History tells us that Long Island was populated by former New England colonists and during the Revolutionary War, some Long Islanders fled back to New England for safety. Thus, New England’s influence could result from either Margaret’s childhood or later, during her adult years. Only further research of Margaret’s parents can determine when the origination of her spiritual influence occurred.
The poem, however, does provide us more insight into Margaret’s belief system at the end of her life. It is considered to be memento mori, Latin for “remember, that you have to die,” a Medieval theory that the Puritan community espoused.8
We know from Frost (1941) that at the time of Margaret and Wilson’s burial, Christ Church Cemetery belonged to the Reformed Dutch Church.9 Today, the cemetery belongs to the Episcopalian Church. 10 Is there a relationship between these denominations?
Boettner (1932) notes that “it is estimated that of the 3,000,000 Americans at the time of the American Revolution, 900,000 were of Scotch or Scotch-Irish origin, 600,000 were Puritan English, and 400,000 were German or Dutch Reformed. In addition to this the Episcopalian’s had a Calvinistic confession in their Thirty-nine Articles…”.11 The interrelationship is explained further by Monsma (1919) “The Pilgrims were perfectly at one with the Reformed (Calvinistic) churches in the Netherlands and elsewhere. In his Apology, published in 1619, one year before the Pilgrims left Holland, Robinson wrote in a most solemn way, ‘We do profess before God and men that such is our accord, in case of religion, with the Dutch Reformed Churches, as that we are ready to subscribe to all and every article of faith in the same Church, as they are laid down in the Harmony of Confessions of Faith, published in that name.”12 Clearly, the Puritan English, Dutch Reformed and Episcopalians have a shared history.
“You never really understand a person
until you consider things from his point of view” –Harper Lee
What were Margaret’s spiritual beliefs? Although we may never know for certain, based on the selection of the epitaph, Broker (2003)13 cites Stannard (1977), “the Puritan worldview included the following beliefs:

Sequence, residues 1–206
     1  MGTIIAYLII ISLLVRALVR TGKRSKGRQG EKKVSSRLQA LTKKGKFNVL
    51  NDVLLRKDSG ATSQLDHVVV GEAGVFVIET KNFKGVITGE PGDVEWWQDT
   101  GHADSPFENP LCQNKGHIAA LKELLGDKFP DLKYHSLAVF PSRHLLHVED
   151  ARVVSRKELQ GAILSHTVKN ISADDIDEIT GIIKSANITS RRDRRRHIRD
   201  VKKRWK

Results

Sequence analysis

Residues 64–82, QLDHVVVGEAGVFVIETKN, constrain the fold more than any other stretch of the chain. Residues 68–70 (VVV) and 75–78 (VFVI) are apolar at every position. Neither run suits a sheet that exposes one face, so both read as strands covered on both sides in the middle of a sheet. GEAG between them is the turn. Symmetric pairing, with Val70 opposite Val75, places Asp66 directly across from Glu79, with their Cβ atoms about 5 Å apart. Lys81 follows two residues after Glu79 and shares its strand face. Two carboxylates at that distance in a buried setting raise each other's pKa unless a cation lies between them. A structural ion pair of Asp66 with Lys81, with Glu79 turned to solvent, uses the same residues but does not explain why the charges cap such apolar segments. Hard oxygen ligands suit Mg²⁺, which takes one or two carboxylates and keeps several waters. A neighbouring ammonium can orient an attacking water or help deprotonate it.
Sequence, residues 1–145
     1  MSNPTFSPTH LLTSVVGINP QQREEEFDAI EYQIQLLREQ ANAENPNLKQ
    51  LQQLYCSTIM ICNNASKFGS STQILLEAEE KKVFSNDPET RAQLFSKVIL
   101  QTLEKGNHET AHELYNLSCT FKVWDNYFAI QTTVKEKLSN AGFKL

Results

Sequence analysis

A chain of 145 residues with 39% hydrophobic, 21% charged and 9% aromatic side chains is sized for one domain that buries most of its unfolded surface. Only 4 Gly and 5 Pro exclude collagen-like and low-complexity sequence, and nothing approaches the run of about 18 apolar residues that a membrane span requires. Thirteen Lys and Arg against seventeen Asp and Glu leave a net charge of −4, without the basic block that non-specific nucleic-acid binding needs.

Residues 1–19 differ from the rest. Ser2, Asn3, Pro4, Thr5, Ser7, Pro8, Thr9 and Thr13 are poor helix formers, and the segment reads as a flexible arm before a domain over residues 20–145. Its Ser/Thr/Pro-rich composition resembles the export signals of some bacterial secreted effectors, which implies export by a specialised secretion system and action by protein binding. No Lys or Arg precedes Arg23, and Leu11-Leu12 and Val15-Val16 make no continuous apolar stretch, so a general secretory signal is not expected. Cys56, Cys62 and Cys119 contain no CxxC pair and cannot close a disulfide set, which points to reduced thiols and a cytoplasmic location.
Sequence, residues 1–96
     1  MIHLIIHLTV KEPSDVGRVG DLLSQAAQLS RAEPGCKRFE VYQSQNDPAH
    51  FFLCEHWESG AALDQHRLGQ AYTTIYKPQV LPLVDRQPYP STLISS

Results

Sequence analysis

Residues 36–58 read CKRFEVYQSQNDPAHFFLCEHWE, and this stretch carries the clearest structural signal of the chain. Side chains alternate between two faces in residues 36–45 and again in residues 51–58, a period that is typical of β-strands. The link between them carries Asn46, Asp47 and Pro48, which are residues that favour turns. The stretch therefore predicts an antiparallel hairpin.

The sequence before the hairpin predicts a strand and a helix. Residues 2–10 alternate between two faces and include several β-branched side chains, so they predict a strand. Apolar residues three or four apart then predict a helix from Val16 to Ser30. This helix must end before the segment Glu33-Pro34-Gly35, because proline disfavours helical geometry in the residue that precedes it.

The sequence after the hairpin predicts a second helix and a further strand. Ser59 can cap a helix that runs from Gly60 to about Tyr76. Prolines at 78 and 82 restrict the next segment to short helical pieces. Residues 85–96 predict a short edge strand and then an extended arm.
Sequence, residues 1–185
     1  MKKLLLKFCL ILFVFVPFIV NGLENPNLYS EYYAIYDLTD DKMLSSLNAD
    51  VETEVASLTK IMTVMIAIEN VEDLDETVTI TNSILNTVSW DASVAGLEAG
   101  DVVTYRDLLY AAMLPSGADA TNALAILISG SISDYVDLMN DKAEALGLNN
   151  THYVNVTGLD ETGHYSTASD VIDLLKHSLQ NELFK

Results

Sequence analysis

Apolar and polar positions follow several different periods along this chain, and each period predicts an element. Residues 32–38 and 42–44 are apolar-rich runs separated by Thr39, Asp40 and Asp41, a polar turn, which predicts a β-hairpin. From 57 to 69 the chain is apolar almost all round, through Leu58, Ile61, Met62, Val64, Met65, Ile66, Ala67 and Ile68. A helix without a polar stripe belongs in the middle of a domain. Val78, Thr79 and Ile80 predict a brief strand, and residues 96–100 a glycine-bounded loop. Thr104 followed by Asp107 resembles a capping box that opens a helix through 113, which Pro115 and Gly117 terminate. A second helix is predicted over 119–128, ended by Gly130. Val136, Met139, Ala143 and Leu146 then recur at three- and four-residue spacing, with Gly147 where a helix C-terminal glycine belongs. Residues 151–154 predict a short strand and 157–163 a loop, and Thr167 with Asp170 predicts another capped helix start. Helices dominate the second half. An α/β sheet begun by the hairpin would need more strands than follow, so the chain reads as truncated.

- The earth is positioned at the center of the Universe [a decidedly pre-Copernican belief].
- The world is infused with design and divine purpose.
- God is omniscient and omnipresent, and the course of every man’s life is predestined.
- God is inscrutable.
- Death is inevitable, and it is God’s punishment for the original sin of Adam.
- Children are born with and imbued with this original sin.
- Evil spirits and evil men occupy the earth. In fact, all suffer from “utter and unalterable depravity.”
- Death is a reward, at least for the chosen few.
- Upon death, the soul is released from its earth-bound world.
- The millennium is at hand, whether one takes it to mean the apocalyptic Day of Judgment or the thousand-year reign of Jesus prior to the Day of Judgment.
- The most glorious purpose to which a Puritan can espouse is to work to ‘bring God’s kingdom home.’
- Some will receive eternal salvation as a gift bestowed by God, but most face eternal damnation. Hell is a place of ‘unspeakable terrors.’
- It is impossible to know with confidence that you are among the saved. The best you can do is to examine your life constantly and maintain faith in your own goodness and God’s own justness”14